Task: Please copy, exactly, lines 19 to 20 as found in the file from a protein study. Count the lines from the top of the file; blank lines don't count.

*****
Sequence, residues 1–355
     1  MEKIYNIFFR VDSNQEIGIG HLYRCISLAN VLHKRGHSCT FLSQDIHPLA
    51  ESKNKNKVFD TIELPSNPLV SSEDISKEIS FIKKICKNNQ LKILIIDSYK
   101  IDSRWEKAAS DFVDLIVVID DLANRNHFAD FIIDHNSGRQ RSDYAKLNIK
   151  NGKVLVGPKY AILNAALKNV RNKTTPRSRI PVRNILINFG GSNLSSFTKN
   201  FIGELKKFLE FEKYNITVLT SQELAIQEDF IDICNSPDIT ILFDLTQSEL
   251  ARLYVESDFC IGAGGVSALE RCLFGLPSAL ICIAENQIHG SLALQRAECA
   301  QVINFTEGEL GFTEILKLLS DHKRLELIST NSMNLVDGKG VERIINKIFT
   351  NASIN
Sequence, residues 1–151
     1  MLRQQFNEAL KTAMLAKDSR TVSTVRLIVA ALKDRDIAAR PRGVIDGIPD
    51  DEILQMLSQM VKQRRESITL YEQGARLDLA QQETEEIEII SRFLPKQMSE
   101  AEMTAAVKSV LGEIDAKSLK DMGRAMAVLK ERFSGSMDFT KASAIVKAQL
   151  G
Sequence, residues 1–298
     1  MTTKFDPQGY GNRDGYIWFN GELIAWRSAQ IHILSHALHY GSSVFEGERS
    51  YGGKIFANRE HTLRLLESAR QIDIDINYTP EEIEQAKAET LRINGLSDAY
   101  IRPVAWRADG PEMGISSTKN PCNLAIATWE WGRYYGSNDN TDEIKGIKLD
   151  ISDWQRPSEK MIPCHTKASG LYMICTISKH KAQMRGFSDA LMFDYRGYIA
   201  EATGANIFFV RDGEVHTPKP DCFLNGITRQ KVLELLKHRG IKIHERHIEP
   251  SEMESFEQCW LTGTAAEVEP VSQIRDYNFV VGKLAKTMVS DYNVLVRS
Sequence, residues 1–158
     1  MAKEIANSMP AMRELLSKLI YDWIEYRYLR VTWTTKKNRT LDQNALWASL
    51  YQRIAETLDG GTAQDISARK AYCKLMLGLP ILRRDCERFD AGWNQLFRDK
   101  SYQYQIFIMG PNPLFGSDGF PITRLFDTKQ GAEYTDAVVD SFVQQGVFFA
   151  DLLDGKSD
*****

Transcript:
   151  ISDWQRPSEK MIPCHTKASG LYMICTISKH KAQMRGFSDA LMFDYRGYIA
   201  EATGANIFFV RDGEVHTPKP DCFLNGITRQ KVLELLKHRG IKIHERHIEP